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Re: On subsetting XML...

From: Elliotte Rusty Harold <elharo@metalab.unc.edu>
Date: Thu, 16 Jan 2003 09:54:17 -0500
Message-Id: <p04330104ba4c7649a855@[192.168.254.4]>
To: Norman Walsh <Norman.Walsh@Sun.COM>, www-tag@w3.org

At 5:39 PM -0500 1/15/03, Norman Walsh wrote:

>Profiling XML, providing more implementation options, will necessarily
>increase the possibility of interoperability problems and it would be
>best to avoid doing so. Profiles are a bad idea on general principles
>and are in direct conflict with one of the original goals of XML[1]: "the
>number of optional features in XML is to be kept to the absolute
>minimum, ideally zero."

This is correct.

>Unfortunately, a number of user communities have expressed a need to
>work with only a subset of XML. The TAG is concerned that if these
>needs are not addressed quickly (and centrally), a number of slightly
>different XML subsets will arise and if this trend continues, the
>stability of XML as the basis of a whole range of technologies could
>be jeopardized.

These communities are wrong. They should be told not to subset XML 
syntax as an architectural principle. If they choose to do so anyway, 
then the W3C should not bless this behavior. It is an 
interoperability disaster.

Part of the benefit of XML is the separation of underlying syntax 
from application level semantics. All profiling should be at the 
semantic level (tag names, attribute names, attribute values, element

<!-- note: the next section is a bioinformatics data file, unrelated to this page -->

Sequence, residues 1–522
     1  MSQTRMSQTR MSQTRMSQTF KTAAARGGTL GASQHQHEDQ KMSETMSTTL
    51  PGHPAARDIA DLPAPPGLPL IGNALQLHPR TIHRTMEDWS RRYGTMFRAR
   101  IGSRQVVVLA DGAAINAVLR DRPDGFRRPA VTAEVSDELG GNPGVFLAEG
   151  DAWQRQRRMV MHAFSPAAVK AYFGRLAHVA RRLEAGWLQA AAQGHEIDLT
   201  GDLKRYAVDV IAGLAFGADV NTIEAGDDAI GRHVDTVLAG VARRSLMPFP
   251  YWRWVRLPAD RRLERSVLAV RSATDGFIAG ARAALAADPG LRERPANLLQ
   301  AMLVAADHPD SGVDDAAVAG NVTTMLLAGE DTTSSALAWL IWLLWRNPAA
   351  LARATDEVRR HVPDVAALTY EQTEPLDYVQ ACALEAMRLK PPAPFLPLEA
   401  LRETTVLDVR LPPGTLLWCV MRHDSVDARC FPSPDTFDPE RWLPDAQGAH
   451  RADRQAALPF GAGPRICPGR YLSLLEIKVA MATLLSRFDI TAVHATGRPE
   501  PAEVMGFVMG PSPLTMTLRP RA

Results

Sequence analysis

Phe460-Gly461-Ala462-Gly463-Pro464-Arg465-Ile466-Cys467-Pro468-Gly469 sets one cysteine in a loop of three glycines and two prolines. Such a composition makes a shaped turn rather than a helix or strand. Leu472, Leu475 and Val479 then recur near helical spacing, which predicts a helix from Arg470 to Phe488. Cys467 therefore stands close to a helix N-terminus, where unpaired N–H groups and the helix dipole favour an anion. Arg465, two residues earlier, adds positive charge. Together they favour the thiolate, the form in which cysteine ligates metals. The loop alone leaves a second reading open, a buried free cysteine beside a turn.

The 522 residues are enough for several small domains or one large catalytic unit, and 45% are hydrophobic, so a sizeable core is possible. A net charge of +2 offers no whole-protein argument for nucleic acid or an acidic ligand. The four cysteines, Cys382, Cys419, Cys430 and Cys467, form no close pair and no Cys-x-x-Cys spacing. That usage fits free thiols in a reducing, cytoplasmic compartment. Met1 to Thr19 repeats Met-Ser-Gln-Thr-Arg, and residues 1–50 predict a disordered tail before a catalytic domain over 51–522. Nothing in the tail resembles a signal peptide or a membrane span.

content, etc.) None of it should be on syntactic issues.

>One obvious place where such a subset has been deployed is in SOAP[2].
>SOAP forbids internal and external subsets and strongly discourages
>processing instructions.

The worse for SOAP then

>When asked, the XML Protocol WG listed these[3] among their reasons for
>subsetting:
>
>  * Performance: processing internal subsets and buffer management for
>                 handling entity expansion would slow things down.

If XML is too slow, don't use XML.

>  * Simplicity:  if an external subset is referenced, it has to be
>                 available when the parser runs (if it's available
>                 to some but not all processors, different results
>                 are possible).

This is a non-issue. XML 1.0 explicitly allows parsers not to read 
the external DTD subset. Personally, I think this is probably a 
design flaw in XML 1.0, but it's not one we can or should fix now.

>  * Security:    entity expansion introduces the possibility of DoS
>                 attacks; other security issues might arise

I suspect these can be handled without breaking XML 1.0. Set a 
reasonable maximum size for parsed documents and throw an error when 
that size is exceeded.  There are probably other solutions to this 
theoretical problem.
-- 

+-----------------------+------------------------+-------------------+
| Elliotte Rusty Harold | elharo@metalab.unc.edu | Writer/Programmer |
+-----------------------+------------------------+-------------------+
|           Processing XML with Java (Addison-Wesley, 2002)          |
|              http://www.cafeconleche.org/books/xmljava             |
| http://www.amazon.com/exec/obidos/ISBN%3D0201771861/cafeaulaitA  |
+----------------------------------+---------------------------------+
|  Read Cafe au Lait for Java News:  http://www.cafeaulait.org/      |
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Received on Thursday, 16 January 2003 10:12:55 GMT

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